Generally, Powerball players do not have to choose cash or annuity unless they win a jackpot (then they usually have 60 days to choose.) Exceptions include Florida and Missouri; the 60-day "clock" starts with the drawing, so a jackpot winner who wishes to take the cash option needs to make immediate plans to claim their prize. New Jersey and Texas require the cash/annuity choice to be made when playing; in New Jersey, an annuity ticket can be changed to cash after winning, while in Texas, the choice is binding (when the cash option was introduced in 1997, all Powerball players had to make the choice when playing. This regulation was phased out by 1999.) All Powerball prizes must be claimed within a period ranging from 90 days to a year, depending on where the ticket was bought.
Drawings for Powerball are held every Wednesday and Saturday evening at 10:59 p.m. Eastern Time. Since October 7, 2015, the game has used a 5/69 (white balls) + 1/26 (Powerballs) matrix from which winning numbers are chosen, resulting in odds of 1 in 292,201,338 of winning a jackpot per play. Each play costs $2, or $3 with the Power Play option. (Originally, Powerball plays cost $1; when PowerPlay began, such games were $2.) The official cutoff for ticket sales is 10:00 p.m. Eastern Time; some lotteries cut off sales earlier. The drawings are usually held at the Florida Lottery’s studio in Tallahassee.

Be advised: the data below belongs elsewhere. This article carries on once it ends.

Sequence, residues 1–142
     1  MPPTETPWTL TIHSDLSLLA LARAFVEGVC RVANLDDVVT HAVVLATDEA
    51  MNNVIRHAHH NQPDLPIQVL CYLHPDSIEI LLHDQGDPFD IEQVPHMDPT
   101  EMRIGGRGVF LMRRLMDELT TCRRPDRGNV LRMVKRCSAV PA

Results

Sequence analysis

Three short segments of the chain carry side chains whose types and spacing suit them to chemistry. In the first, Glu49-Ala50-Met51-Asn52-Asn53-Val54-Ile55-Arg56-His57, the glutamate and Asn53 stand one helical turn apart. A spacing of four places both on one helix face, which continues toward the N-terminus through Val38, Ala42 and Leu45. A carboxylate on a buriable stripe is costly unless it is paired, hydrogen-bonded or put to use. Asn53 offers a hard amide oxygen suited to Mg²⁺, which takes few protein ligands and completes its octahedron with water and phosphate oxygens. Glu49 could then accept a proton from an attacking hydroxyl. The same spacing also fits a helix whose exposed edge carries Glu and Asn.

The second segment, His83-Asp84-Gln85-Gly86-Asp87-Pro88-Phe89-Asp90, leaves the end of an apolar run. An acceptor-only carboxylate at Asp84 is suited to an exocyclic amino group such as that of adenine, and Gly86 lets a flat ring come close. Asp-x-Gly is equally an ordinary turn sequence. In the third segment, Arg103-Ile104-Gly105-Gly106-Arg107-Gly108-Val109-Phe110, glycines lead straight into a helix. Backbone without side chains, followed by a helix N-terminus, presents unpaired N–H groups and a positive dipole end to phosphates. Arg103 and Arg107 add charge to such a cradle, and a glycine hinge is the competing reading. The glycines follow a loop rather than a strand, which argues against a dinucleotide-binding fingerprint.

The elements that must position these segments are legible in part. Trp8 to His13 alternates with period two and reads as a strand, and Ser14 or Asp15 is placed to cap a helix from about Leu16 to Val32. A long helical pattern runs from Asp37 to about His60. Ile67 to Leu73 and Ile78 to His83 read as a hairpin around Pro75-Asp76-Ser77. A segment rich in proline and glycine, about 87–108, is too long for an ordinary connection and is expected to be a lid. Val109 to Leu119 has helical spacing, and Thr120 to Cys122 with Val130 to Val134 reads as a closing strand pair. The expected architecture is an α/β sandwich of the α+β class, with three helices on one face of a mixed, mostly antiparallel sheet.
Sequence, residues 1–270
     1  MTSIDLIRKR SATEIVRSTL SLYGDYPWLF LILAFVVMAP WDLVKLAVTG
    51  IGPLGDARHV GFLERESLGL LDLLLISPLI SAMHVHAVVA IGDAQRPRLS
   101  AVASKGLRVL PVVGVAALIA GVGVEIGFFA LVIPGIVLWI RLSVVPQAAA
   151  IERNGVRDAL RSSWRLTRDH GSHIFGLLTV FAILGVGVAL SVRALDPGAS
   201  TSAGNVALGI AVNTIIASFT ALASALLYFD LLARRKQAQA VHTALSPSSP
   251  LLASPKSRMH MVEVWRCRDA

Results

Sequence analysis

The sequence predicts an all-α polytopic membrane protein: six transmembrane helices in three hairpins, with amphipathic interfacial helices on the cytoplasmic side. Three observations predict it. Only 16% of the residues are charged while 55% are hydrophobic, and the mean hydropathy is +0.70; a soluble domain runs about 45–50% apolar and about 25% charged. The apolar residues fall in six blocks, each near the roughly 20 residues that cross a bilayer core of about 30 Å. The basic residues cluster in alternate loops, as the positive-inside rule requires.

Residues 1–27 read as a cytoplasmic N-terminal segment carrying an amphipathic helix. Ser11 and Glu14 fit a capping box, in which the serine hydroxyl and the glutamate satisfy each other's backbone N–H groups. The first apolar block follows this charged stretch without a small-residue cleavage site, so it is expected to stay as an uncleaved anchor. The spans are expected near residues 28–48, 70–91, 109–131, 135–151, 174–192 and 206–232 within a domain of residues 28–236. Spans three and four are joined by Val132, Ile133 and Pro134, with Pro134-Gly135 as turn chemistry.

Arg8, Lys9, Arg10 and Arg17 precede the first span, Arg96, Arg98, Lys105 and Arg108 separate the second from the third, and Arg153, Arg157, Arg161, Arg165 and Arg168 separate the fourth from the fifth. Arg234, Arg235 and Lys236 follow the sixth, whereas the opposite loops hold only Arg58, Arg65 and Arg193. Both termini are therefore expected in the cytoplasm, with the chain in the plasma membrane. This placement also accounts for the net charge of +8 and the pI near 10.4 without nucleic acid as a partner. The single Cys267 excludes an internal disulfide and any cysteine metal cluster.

The conditions for Florida joining Powerball included a move of the live drawings from Iowa to Universal Studios in Orlando. The three hosts rotating announcing duties from Universal Studios were Tracy Wiu, Elizabeth Hart and Scott Adams (MUSL headquarters remained in Iowa, where its other draws are held). The wheel that was used to determine the Power Play multiplier was retired when the drawings moved to Florida; a random number generator (RNG) was used until the 2012 format change.